Ramadan in UAE: Healthy mornings keep doctor at her best on busiest days
On regular days, her day begins early with some exercise followed by breakfast.
Dr Shaza Mohammed always makes it a point to start her day right so she could overcome the many challenges doctors face day to day, especially amid the Covid-19 pandemic. This Ramadan, she remains passionate in meeting and serving her patients even if her mornings start at 3.45am.
“Despite Covid-19, we try and maintain traditions at home. Usually, other family members would come home for Iftar. That is not the case anymore,” said the Egyptian national, a family medicine specialist at the Medcare Medical Centre, Al Barsha.
On regular days, her day begins early with some exercise followed by breakfast. During Ramadan, however, Dr Shaza’s day starts earlier. “I wake up at 3.45am or 4am to have my Suhoor followed by my dawn prayers. After which, depending on my schedule, I come into work and see patients.”
Since the pandemic struck, she has been dealing with coronavirus patients and she needs to be extra careful because her aged mother who lives with her.
“I remember last year, we were seeing several sick patients. We do the PCR test and if they are diagnosed, they are referred to the Dubai Health Authority or we present our help to them.
“I would go into work in one pair of scrubs and change into another when I reached the clinic. I’d get back home and clean the scrubs, take a shower, and keep cleaning and changing them on a daily basis. It was a bit crazy…I am very obsessive about these things, but I have to do it to ensure I don’t bring anything from work to home.”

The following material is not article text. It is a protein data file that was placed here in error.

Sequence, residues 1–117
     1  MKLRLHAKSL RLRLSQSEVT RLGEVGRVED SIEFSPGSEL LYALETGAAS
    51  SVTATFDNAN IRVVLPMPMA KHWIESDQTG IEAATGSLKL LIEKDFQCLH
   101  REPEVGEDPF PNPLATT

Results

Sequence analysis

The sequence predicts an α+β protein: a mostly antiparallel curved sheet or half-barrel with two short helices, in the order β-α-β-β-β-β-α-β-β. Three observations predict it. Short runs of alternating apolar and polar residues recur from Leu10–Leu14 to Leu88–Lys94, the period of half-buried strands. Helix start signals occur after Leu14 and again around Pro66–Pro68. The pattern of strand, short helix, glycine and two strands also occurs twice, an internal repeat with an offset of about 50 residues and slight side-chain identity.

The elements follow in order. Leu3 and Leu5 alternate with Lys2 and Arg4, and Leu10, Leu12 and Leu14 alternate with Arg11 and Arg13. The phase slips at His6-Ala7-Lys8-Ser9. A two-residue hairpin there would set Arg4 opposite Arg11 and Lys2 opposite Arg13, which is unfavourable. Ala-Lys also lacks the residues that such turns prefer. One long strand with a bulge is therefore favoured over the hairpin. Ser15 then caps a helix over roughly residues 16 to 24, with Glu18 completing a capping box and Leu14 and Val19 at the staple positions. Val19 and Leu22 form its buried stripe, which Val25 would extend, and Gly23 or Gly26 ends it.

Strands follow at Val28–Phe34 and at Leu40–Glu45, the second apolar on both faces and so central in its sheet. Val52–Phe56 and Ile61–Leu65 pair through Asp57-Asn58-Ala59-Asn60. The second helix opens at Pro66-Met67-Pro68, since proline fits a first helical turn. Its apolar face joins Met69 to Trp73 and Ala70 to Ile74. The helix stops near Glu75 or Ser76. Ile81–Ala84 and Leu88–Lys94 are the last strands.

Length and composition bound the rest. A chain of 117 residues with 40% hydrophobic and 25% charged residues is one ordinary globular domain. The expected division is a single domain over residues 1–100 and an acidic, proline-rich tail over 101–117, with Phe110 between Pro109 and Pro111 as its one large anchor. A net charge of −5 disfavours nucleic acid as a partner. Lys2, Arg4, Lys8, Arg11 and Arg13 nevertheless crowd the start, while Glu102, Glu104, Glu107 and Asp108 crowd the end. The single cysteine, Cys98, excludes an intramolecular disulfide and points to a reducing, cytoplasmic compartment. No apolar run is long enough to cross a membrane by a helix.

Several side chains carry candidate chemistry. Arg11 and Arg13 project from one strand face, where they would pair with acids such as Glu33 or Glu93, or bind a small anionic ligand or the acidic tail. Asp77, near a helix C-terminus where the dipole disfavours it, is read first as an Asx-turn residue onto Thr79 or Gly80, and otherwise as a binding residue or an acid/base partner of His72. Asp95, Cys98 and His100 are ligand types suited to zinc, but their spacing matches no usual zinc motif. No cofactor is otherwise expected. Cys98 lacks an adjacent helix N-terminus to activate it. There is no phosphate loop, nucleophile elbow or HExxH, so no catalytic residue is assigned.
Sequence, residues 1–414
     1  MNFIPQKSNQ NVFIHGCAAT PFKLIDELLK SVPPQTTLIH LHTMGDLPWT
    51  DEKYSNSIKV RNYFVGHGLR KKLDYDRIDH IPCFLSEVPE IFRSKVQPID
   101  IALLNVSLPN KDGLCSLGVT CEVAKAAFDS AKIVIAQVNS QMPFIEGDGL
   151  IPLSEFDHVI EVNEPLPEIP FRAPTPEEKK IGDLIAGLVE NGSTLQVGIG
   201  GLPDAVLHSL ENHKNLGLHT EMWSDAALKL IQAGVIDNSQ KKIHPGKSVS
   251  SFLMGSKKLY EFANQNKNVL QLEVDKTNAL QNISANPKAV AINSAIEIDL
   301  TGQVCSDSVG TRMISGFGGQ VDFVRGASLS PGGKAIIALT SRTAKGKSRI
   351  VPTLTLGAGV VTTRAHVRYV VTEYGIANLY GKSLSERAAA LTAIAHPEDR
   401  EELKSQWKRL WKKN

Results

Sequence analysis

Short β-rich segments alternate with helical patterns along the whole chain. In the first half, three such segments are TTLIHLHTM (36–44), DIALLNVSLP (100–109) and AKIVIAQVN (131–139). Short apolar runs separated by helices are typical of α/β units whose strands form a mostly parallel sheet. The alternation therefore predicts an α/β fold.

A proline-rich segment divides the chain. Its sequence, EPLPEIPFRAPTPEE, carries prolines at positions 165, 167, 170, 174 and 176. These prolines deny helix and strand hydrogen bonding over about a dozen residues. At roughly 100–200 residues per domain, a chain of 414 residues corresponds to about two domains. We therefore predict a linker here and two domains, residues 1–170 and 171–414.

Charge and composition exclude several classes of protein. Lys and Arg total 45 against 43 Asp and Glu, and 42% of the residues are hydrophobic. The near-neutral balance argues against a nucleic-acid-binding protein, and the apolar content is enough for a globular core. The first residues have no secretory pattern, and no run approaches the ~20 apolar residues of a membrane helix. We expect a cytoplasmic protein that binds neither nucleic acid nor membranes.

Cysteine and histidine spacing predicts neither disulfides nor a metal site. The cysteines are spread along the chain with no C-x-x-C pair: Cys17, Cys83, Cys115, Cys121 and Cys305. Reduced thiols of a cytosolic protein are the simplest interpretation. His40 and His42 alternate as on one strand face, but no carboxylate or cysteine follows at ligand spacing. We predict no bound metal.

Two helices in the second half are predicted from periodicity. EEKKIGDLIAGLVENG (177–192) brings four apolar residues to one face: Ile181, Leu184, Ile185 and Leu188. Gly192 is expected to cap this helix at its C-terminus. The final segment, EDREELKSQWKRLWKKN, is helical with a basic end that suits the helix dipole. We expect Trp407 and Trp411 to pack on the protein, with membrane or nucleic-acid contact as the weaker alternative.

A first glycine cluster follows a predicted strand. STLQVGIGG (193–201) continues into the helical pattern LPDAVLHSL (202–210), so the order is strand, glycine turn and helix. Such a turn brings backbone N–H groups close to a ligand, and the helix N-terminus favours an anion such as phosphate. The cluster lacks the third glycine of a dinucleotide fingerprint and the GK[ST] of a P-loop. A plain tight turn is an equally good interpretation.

When asked about how her work routines have changed in the past year, she said: “It is still busy, especially at night, we continue to remain busy. In fact, on the first day of Ramadan, the clinic was busy throughout the day.”
This is the second time that she will be observing the holy month during the pandemic. But since there are no curfews for medical clinics this time, doctors have the option to break their fast in the clinic or go back home, she said. “If we’re on duty, we get a one-hour break.”
At home, Dr Shaza breaks her fast with dates and water. It is also a tradition for her to consume khushaf, a dish made out of dried fruits and apricot paste. “It is pretty rich in sugar, we don’t do it a lot. Our family gatherings are an intimate affair now,” she added.
With the virus still around, her advice to UAE residents is simple. “Stick to the rules and regulations and take the vaccine if you can. We are lucky the vaccine is free and available to all.”
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